Cognitive Science

Director of undergraduate studies: Joshua Knobe, 102 C, 432-1699; www.yale.edu/cogsci

Cognitive science explores the nature of cognitive processes such as perception, reasoning, memory, attention, language, decision making, imagery, motor control, and problem solving. The goal of cognitive science, stated simply, is to understand how the mind works. Cognitive science is an inherently interdisciplinary endeavor, drawing on tools and ideas from fields such as psychology, computer science, linguistics, philosophy, economics, and neuroscience. Approaches include empirical studies of the ontogenetic and phylogenetic development of cognitive abilities, experimental work on cognitive processing in adults, attempts to understand perception and cognition based on patterns of breakdown in pathology, computational and robotic research that strives to simulate aspects of cognition and behavior, neuroscientific investigations of the neural bases of cognition using neural recording and brain scanning, and the development of philosophical theories of the nature of mind.

Prerequisite

An introductory survey course, CGSC 110, is normally taken by the end of the fall term of the sophomore year and prior to admission to the major.

Requirements of the Major 

The requirements of the major for the B.S. and B.A. degrees are the same, except for the skills requirement and the senior requirement. Fourteen term courses, for a total of thirteen and one half course credits, are required for the major, including the introductory course and the senior requirement. Each major program must include the elements described below. The particular selection of courses must be approved by the director of undergraduate studies (DUS) in order to assure overall coherence. No course may be used to fulfill more than one requirement for the major.

Breadth requirement A breadth requirement introduces students to the subfields of cognitive science. Each major is required to take a course from four of the following six areas:

1. Computer science: CPSC 201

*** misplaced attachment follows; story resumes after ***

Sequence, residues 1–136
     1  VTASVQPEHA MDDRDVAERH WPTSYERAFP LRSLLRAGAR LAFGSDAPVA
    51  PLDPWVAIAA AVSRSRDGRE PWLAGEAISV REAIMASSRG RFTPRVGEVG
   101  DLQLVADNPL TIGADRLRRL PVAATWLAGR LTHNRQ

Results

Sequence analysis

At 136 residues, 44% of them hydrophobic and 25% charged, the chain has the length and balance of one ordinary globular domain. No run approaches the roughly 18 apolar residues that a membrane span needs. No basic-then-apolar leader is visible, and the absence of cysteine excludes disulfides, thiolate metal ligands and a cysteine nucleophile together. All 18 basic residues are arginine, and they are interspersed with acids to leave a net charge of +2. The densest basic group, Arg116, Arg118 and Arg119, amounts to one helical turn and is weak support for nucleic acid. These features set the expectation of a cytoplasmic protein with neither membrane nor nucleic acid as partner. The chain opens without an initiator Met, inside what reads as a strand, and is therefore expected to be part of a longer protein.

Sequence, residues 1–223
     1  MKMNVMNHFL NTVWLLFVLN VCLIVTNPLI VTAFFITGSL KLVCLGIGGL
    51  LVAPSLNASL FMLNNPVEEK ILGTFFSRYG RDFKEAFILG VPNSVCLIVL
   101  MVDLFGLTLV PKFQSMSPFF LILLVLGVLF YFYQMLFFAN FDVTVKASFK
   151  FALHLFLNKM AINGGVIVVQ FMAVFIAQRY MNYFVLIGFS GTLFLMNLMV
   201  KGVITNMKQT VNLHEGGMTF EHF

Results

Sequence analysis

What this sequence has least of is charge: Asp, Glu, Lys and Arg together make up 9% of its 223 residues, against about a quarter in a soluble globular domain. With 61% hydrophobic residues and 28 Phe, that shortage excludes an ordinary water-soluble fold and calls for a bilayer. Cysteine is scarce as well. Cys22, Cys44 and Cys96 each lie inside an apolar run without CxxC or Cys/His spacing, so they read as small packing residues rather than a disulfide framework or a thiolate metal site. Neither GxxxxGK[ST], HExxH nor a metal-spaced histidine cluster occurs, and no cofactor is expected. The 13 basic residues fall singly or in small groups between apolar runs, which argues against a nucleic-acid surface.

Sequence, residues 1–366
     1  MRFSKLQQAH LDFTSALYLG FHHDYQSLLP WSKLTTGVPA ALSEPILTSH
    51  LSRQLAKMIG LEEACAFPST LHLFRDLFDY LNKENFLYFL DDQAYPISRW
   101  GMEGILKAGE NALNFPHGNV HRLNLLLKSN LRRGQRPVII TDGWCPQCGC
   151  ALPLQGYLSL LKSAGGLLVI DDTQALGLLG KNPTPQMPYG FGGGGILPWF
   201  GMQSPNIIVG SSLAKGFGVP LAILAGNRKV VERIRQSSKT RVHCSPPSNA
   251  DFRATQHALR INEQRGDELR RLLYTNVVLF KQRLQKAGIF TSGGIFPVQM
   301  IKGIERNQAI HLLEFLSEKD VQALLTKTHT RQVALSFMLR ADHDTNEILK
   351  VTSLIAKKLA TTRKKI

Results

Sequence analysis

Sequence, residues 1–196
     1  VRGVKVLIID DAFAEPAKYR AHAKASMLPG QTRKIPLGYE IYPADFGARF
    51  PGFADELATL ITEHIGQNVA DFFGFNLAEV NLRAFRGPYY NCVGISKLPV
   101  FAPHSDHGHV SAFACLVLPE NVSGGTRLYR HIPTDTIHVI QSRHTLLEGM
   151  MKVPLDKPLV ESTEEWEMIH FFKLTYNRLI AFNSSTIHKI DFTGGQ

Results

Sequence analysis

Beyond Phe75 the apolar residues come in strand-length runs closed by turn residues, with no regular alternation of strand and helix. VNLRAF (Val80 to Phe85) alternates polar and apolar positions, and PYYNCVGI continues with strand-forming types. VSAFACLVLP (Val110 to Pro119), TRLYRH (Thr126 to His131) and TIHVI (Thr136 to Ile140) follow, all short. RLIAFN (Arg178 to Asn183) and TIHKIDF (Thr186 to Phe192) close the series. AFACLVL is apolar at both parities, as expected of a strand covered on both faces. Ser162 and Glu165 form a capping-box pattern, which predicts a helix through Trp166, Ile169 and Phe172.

2. Economics and decision making: ECON 159

3. Linguistics: LING 110, 116, 130, 217, 232, 253

4. Neuroscience: CGSC 201, MCDB 320, PSYC 160, 270

5. Philosophy: PHIL 126, 182, 269, 270, 271

6. Psychology: PSYC 110, PSYC S139E, 140

Depth requirement Students fulfill a depth requirement by completing six courses that focus on a specific topic or area in cognitive science. The depth courses must be chosen from at least two disciplines, and are typically drawn from the six cognitive science subfields. It may be possible to draw depth courses from other fields when necessary to explore the student's focal topic, in consultation with the DUS. All six depth courses must be at the intermediate or advanced level; for most disciplines, courses numbered 300 or above fulfill the requirement. With permission of the DUS, up to two directed reading or research courses may count toward the depth requirement.

Skills requirement Because formal techniques are fundamental to cognitive science, one skills course is required, preferably prior to the senior year. Courses that fulfill the skills requirement for the B.A. include CPSC 112, 202, LING 224, PSYC 200, and 270. Other courses may fulfill this requirement with permission of the DUS. The skills requirement for the B.S. is fulfilled by PSYC 200 or another course with permission of the DUS.

Junior colloquium In the junior year, students are required to take CGSC 395, a half-credit colloquium in which majors discuss current issues and research in cognitive science and select a senior essay topic.

Credit/D/Fail Courses taken Credit/D/Fail may not be counted toward the requirements of the major, except with permission of the DUS.

Senior Requirement 

In the senior year, students take CGSC 491, a full-credit capstone course in which the senior essay is written. Students in the course meet regularly with one another and with the faculty to discuss current work in cognitive science and their own developing research projects. Students must take this course during their last spring term at Yale. If spring is not the student's final term, (e.g., a planned December graduation date), then it is possible to attend the class and complete some of the assignments, but not turn in the finished thesis until November. In this case, a grade of INC will be given for the Spring term. (Unlike other incomplete grades at Yale, an incomplete for a thesis does not expire.)